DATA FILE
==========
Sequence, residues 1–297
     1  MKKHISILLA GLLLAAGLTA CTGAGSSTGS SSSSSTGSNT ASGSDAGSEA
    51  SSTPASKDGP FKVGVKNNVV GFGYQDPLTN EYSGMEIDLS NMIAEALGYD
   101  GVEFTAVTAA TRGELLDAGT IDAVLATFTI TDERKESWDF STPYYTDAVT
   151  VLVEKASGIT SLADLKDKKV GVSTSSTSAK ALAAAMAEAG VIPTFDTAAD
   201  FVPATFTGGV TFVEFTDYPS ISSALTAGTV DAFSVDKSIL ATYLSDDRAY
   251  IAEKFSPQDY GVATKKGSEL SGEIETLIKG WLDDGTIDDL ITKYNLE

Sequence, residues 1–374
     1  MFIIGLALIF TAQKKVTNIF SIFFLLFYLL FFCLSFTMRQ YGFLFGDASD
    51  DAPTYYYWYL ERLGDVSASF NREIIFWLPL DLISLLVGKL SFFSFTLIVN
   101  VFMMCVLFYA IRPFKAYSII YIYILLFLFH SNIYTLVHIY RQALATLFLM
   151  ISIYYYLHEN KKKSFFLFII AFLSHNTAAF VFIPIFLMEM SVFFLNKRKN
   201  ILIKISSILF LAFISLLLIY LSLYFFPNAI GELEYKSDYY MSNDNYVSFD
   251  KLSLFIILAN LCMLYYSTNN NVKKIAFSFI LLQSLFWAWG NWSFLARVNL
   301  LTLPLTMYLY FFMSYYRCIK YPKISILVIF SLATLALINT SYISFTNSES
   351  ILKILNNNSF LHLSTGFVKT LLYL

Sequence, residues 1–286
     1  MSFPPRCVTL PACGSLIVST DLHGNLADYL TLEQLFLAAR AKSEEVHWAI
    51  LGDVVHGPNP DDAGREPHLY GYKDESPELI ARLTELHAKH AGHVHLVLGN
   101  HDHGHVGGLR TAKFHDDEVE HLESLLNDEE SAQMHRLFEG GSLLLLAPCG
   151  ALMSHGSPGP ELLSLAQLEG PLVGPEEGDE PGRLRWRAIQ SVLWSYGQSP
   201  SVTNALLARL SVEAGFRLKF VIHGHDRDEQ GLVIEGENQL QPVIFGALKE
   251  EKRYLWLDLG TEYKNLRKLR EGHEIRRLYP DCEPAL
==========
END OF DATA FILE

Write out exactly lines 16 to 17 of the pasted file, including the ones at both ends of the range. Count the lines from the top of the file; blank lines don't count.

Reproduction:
   351  ILKILNNNSF LHLSTGFVKT LLYL

Sequence, residues 1–286